Poppo has been in critical condition in recent days, but police didn’t give an update on his condition Wednesday.
Thaller, who is not treating Poppo, and other plastic surgeons said the rebuilding of Poppo’s face would happen in stages after doctors try to keep his wounds clean, salvage viable tissue and determine a plan for skin grafts. Protecting his remaining eye and maintaining an airway are priorities.
To keep the wounds clean, doctors use grafts of the patient’s skin, cadaver skin or synthetic skin to cover the exposed bone or cartilage, said Dr. Blane Shatkin, a plastic surgeon and director of the wound healing center at Memorial Hospital Pembroke in South Florida. The coverage would act like a dressing, protecting the wound as it heals.
Poppo’s lifestyle and health before the attack could determine how doctors proceed and whether they eventually consider a facial transplant, plastic surgeons said. Poppo had been homeless for more than 30 years, previously survived a gunshot wound and faced multiple charges of public intoxication, among other arrests.
“You would not just take this guy to the OR for a face transplant — you really have to go in a staged fashion. You save what you can and use what you have available first, don’t burn any bridges and move forward slowly,” Shatkin said. “And you have to see what he wants.”
Psychological care is important to the recovery, and patients need to participate in the decision-making process, said Dr. Bohdan Pomahac, a surgeon at Brigham and Women’s Hospital in Boston. He performed a facial transplant on a Connecticut woman who was mauled by a friend’s pet chimpanzee in 2009.
“I think the patient has to be able to cope with the injury and the trauma and needs to figure out what has happened. It often takes them weeks to understand what has happened,” Pomahac said.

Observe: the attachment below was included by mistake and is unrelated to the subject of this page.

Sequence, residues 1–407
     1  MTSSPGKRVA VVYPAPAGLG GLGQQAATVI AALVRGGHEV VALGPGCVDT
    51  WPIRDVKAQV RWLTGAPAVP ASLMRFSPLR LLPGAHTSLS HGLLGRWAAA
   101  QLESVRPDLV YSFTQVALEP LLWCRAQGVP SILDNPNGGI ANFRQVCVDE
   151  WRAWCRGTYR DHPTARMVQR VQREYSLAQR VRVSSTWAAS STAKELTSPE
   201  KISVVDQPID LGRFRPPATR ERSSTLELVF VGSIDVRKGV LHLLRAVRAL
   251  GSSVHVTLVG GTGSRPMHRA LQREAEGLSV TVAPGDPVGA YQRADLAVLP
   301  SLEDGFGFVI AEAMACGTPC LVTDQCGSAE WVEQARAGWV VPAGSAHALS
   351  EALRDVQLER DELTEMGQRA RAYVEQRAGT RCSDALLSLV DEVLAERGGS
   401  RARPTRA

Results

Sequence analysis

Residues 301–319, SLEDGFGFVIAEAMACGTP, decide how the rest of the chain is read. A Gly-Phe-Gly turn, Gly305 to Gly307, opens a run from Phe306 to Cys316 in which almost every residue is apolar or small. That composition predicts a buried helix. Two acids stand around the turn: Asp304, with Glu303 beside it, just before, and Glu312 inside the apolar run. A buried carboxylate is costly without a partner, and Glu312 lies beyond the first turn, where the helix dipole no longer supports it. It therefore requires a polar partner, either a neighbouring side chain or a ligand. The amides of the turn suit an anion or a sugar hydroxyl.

The chairman of the Miami-Dade County Homeless Trust, Ron Book, said the last time Poppo sought help from the agency finding someplace to sleep was in 2004. However, the Thursday before he was attacked, Jungle Island on Watson Island called for an outreach team to deal with Poppo, who had been living on the roof of the attraction’s parking garage.
Poppo was belligerent and aggressive, but he was not arrested, Book said.
A report from the group says that Poppo had been homeless before arriving in Florida. He first came to one of the group’s shelters in Miami on Dec. 27, 1999, and he stayed for 141 days. Since then he stayed at another shelter in 2003 for 10 days and several other shelters for one night each.
The attack was captured by security cameras at The Miami Herald’s headquarters. It shows a naked Eugene walking west on the sidewalk alongside an off-ramp of the causeway. A bicyclist speeds past Eugene just as he turns to something in the shade, in an area obscured by palm trees.
After a couple minutes, Eugene rolls Poppo’s body into the sun and begins stripping off his pants and pummeling him. Later, the footage shows Eugene pull Poppo farther up the sidewalk. Though the view is partially obstructed, Eugene appears to hunch over and lie on top of Poppo.
The footage shows a bicyclist slowly pedaling past the men about halfway through the attack, followed by a car slowly driving on the shoulder of the ramp. Cars regularly pass by the scene from the beginning of the attack, but their view was likely obstructed by a waist-high concrete barrier.
Two more bicyclists cross the scene before a police car arrives nearly 18 minutes into the attack.
An officer gets out of the car and appears to do a double-take at the scene before pulling out his gun. He fatally shot Eugene, apparently within a minute of arriving, but the shooting is obscured from view by the MetroRail tracks.
Miami police have not released 911 calls. The medical examiner declined to discuss Eugene’s autopsy, and results of toxicology tests could take weeks.
(TM and © Copyright 2012 CBS Radio Inc. and its relevant subsidiaries. CBS RADIO and EYE Logo TM and Copyright 2012 CBS Broadcasting Inc. Used under license. All Rights Reserved. This material may not be published, broadcast, rewritten, or redistributed. The Associated Press contributed to this report.)